If I told you I was eating potato skins and drinking a frozen cocktail in Ashburn, you might think I was slumming it, culinarily speaking.
Hardly. In fact, I’m sitting in a handsome, window-wrapped dining room. And the chef who has carefully fried those skins until they became feathery, then topped them with sous-vide chicken, mozzarella, and buttermilk dressing, is none other than Jason Maddens, former chef at Central Michel Richard in DC and managing partner/chef at Clarity, the esteemed Vienna bistro.
Snacks like those potatoes—plates that Maddens and his staff gorge on after a shift and that also include a goat-sausage corn dog—are among the top reasons to pay AhSo a visit. So are the cocktails, which include a minty bourbon-and-peach refresher and a gently spiced mai tai.
Maddens hasn’t abandoned his fine-dining roots, but you can tell he’s having more fun at this place of his own (it was all a dream, reads a neon sign by the open kitchen). An appetizer of tuna niçoise elevates the composed salad with a thinly sliced roulade of raw tuna, plus tomato confit and dabs of herbed aïoli and olive tapenade. A bed of grits shows off beautifully seared scallops ringed with chorizo and pickled fennel stalks. Less successful: underseasoned fried oysters, a play on Rockefeller.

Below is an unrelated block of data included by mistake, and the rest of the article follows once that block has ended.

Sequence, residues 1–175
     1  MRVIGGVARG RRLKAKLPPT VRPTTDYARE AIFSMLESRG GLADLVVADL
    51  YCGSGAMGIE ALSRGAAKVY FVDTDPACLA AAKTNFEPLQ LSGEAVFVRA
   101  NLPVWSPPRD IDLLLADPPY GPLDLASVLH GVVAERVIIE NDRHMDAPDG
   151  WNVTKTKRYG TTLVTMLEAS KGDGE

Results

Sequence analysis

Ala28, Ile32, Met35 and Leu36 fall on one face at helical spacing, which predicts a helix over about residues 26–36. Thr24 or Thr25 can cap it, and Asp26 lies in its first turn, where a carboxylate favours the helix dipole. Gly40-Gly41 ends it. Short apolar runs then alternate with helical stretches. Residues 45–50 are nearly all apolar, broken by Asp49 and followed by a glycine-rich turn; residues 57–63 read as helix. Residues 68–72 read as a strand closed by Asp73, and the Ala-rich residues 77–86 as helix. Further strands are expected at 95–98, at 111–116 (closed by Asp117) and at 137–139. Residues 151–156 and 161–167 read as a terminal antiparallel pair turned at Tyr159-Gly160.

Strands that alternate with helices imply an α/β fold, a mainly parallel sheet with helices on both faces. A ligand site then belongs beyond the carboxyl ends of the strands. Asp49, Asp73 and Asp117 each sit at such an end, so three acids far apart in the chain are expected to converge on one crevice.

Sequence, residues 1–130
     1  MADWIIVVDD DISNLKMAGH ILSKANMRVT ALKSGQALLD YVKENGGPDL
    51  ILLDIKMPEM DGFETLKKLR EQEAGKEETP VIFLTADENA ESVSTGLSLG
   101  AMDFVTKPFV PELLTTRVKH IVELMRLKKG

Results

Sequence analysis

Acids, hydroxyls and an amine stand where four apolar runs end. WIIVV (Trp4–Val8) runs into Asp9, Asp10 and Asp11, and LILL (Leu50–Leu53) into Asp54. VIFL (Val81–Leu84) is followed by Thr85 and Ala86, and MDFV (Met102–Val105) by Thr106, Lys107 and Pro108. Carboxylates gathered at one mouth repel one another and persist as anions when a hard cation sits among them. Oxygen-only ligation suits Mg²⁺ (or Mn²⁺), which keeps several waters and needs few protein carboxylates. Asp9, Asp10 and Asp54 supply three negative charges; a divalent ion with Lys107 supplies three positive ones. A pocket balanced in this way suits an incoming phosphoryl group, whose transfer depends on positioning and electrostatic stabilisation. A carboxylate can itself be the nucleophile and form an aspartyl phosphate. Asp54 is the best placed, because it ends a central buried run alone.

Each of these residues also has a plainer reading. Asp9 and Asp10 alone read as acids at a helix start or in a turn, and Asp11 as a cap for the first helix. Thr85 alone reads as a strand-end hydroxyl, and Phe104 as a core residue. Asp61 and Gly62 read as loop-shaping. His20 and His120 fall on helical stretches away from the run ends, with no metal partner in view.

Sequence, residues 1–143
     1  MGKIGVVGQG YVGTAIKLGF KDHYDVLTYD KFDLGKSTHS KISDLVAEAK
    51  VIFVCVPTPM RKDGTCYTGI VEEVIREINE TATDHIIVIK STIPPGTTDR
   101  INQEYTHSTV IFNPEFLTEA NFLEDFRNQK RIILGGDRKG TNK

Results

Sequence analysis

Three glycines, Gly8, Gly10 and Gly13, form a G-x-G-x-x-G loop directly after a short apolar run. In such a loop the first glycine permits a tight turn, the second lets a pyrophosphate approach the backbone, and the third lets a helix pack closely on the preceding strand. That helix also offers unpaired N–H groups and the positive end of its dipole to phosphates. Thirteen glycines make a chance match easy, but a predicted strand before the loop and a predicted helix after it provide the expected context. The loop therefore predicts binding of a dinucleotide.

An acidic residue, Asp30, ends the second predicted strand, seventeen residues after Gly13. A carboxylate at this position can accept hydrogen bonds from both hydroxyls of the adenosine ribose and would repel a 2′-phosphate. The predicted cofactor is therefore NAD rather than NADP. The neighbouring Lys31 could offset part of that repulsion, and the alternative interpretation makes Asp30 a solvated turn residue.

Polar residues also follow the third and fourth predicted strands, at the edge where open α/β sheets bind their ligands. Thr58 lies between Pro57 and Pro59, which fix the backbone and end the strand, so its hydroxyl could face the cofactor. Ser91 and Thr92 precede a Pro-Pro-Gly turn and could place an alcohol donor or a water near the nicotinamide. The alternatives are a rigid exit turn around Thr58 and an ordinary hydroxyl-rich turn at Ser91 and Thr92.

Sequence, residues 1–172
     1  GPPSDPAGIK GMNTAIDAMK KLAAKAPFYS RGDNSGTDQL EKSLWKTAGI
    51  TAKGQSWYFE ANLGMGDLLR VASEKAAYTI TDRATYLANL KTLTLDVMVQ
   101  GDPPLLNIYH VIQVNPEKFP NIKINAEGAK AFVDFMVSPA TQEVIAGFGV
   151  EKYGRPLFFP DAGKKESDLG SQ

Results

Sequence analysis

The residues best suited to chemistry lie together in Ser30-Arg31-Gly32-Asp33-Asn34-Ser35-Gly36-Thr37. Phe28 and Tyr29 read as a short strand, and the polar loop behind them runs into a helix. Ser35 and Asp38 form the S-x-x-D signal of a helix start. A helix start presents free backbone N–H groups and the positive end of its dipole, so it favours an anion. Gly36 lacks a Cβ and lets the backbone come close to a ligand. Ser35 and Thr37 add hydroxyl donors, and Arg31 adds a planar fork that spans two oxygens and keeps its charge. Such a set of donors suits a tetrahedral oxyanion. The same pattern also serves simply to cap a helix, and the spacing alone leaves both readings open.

Among the entrées, a duo of chicken shows off Maddens’s split personality. On one side of the plate is a perfectly roasted bone-in chicken breast, on the other a crunchy fried leg. A grilled bavette steak—as flavorful as flank—is nearly upstaged by a bowl of yuca that’s tossed, Mexican-street-corn-style, with aïoli and cotija cheese. Although a vegetarian play on spaghetti and meatballs is one of the few constants on the ever-changing menu (Maddens uses spaghetti squash and lentil-quinoa orbs in it), the riff lacked much verve. And desserts, such as a stale-tasting gluten-free brownie sundae, have tasted a bit phoned in.
Still, these kinds of restaurants—and this caliber of chef—have until now been in short supply in Ashburn. Maddens wanted to open a restaurant closer to his home, and he instantly fell for the Brambleton development and its town center. “Everyone who lives here has drunk the Kool-Aid,” he says of the neighborhood. “They all love it.”
Looking around the dining room on my last visit, I saw kids perched with iPads, friends lingering over wine, and folks pop-ping in for a bowl of the popular ramen the kitchen serves on Wednesday nights—plus a lot of full seats. Looks like Maddens has created exactly what the neighborhood needs.
22855 Brambleton Plaza, Ashburn; 703-327-6600
Open Tuesday through Saturday for dinner, Sunday for brunch and dinner.
This article appeared in the June 2018 issue of Washingtonian.